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Why won’t my dog eat a pretzel?

It’s not uncommon for dog owners to offer their furry friends human foods as treats, but some foods are safer than others. Pretzels may seem like an innocent snack to share with your pup, but there are a few reasons why your dog may turn their nose up at this salty treat.

Pretzels are high in salt

One of the main reasons dogs tend to avoid pretzels is that they contain a lot of salt. While humans can tolerate higher amounts of sodium in their diets, too much salt can be harmful to dogs.

According to the ASPCA, a good general guideline is that dog treats should contain no more than around 100 mg of sodium per ounce. Pretzels can contain over 500 mg per ounce, making them a very high sodium snack.

Eating too many salty treats like pretzels can cause excessive thirst and urination in dogs. In severe cases, a very high salt intake can lead to sodium ion poisoning, which can cause vomiting, diarrhea, depression, tremors, elevated body temperature, seizures and even death.

Recommended daily sodium intake for dogs

  • Small dogs: less than 100 mg
  • Medium dogs: less than 200 mg
  • Large dogs: less than 300 mg

It’s best to avoid feeding your dog too many high-sodium snacks like pretzels to keep their salt intake at a healthy level.

Pretzels may contain unhealthy fats

In addition to being high in salt, some types of pretzels are also cooked in unhealthy oils, which can contain a lot of saturated fat. Hard pretzels are typically cooked in vegetable oil, while soft pretzels may be deep fried in unhealthier fats like shortening or lard.

Too much fat is difficult for dogs to digest and can cause pancreatitis, which is a painful inflammation of the pancreas. Dogs with pancreatitis may show symptoms like vomiting, diarrhea, lethargy, loss of appetite and abdominal pain.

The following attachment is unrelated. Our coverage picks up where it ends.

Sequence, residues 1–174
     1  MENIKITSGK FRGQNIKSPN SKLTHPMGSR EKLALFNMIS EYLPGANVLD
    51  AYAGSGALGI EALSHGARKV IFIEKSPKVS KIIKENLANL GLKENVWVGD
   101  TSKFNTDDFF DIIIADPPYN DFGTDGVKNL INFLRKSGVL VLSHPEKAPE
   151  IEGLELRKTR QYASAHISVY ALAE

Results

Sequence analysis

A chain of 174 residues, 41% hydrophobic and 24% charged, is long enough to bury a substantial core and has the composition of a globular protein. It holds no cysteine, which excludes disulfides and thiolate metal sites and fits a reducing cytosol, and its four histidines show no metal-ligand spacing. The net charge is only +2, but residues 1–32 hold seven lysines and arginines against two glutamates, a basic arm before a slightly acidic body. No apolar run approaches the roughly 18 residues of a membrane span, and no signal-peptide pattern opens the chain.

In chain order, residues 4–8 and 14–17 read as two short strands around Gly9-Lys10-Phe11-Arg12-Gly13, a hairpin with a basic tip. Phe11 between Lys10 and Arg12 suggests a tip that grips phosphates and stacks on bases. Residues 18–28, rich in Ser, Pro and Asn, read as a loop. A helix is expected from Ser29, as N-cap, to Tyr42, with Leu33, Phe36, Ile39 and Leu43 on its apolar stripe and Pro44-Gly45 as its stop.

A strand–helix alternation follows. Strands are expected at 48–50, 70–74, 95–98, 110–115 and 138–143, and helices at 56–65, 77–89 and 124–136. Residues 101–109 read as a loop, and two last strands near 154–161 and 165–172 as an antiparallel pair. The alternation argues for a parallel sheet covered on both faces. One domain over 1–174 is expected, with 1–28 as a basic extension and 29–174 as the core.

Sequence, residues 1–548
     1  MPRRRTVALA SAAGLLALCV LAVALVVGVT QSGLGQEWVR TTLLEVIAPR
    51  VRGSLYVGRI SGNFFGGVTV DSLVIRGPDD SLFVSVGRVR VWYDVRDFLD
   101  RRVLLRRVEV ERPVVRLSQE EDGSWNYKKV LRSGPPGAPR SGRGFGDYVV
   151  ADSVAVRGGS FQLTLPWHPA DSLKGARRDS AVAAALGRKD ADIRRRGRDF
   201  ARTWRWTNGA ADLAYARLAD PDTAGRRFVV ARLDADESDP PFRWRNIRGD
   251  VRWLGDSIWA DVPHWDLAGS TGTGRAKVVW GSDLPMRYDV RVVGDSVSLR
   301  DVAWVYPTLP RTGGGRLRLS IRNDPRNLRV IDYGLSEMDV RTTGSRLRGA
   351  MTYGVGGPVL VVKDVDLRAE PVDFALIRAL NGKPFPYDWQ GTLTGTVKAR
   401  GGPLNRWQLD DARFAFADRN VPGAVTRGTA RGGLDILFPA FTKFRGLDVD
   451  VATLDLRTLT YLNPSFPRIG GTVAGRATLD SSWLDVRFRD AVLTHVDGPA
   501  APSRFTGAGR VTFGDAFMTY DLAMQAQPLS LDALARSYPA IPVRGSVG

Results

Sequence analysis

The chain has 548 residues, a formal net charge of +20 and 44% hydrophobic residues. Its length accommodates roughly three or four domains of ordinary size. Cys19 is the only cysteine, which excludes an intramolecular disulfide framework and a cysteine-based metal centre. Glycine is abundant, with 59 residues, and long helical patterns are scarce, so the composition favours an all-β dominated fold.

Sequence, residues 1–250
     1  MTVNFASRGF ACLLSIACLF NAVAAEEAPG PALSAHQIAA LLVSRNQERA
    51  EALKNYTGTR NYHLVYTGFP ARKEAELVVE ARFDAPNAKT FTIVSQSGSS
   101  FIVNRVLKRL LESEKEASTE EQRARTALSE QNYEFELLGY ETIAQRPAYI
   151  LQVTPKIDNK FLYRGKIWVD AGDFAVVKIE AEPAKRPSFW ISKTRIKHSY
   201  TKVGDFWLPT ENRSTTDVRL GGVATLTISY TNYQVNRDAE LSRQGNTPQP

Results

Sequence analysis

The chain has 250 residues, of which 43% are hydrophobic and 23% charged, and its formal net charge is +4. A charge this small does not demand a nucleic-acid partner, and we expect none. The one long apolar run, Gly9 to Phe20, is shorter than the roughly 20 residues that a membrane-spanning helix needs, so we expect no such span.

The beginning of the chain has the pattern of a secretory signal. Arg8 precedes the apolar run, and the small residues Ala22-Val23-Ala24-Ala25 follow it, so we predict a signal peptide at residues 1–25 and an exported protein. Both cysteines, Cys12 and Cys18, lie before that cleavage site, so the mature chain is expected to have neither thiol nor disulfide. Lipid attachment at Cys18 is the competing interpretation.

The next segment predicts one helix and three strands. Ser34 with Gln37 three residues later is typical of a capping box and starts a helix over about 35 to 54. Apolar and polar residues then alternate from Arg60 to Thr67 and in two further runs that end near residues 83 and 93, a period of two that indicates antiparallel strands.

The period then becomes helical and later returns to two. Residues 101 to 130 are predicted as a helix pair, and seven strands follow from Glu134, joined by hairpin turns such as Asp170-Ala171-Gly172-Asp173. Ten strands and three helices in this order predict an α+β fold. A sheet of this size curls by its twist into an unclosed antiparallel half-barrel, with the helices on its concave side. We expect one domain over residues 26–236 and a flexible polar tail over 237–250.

To avoid exposing your dog to excess fat, stick to low-fat treats that are specifically made for canine consumption. Look for treats baked with minimal vegetable oil rather than deep fried options.

Pretzels are low in nutrients

Compared to treats formulated for dogs, human foods like pretzels generally don’t provide much nutritional value. Pretzels are mainly just simple carbohydrates and salt without much protein, healthy fats, vitamins or minerals.

While an occasional pretzel won’t harm your dog as part of a balanced diet, they lack the nutrients dogs need from high-quality, species-appropriate treats and meals. It’s best to feed your dog treats and foods designed especially for their dietary requirements.

Healthy homemade treat options

If you want to share homemade treats with your dog, try these healthy recipes:

  • Baked salmon or chicken
  • Banana peanut butter bites
  • Baby carrots
  • Apple slices
  • Plain boiled chicken or lean beef

These provide protein, vitamins and minerals without unhealthy additives.

Pretzels have a strange texture

Your dog may simply dislike the unique hard, dry and crispy texture of a pretzel. Most dog treats and foods have a softer, chewier mouthfeel that canines find more palatable.